Carbon Black Report: An Evolution of Cyberattacks

2018-09-12T19:28:41
ID CARBONBLACK:769EEC7788EBBBC06A7D4D137D788A61
Type carbonblack
Reporter Katharine Laird
Modified 2018-09-12T19:28:41

Description

Quarterly Incident Response

Threat Report

An Evolution of Cyberattacks

From Grab-and-Go Breaches to Long-Term Campaigns

The data in this report reveals that today’s cyberattacks manifest as increasingly complex, long-term campaigns. Employing high-level tools and techniques, attackers set out to colonize an organization’s infrastructure — allowing them to move throughout the network, inflicting maximum damage along the way.

Note the high percentage (59%) of respondents who say attacks nowadays involve lateral movement within a network. And a growing number of hackers won’t stop at a single network — they’re after your clients’ partner and customer infrastructure as well. A full 36% of our respondents say they see attacks where the victim was primarily used for island hopping.

This shift reflects an evolution in the way businesses use and handle data. On the one hand, more and more data is consolidated and shared among organizations. At the same time, this data is increasingly decentralized across networks due to cloud computing — making it harder for attackers to quickly find everything they want. “Our customers’ IT teams don’t even know where all their assets are,” one IR professional says. “So it makes sense that attackers need more time to figure it out.”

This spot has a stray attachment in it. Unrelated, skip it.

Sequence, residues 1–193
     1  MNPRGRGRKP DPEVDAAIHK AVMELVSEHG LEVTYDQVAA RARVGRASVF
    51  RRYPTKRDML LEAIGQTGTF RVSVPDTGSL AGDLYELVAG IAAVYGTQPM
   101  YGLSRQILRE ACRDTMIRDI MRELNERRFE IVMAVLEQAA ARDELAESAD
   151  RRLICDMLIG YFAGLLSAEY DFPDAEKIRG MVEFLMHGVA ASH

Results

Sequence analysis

And as attacks become increasingly protracted and complex, eluding detection becomes a top priority for hackers: nearly half of respondents (46%) report seeing instances of counter-incident response.

What’s more, attackers are adapting to commonly employed security systems. Nearly two-thirds (64%) of respondents, for example, see instances of secondary C2 used on a sleep cycle during their IR engagements, suggesting that network-based protections, which are regularly deployed to shut off hackers’ secret passages in your network (C2), have ostensibly been rendered useless; attackers are using a second C2 that wakes up only after the initial one goes down.

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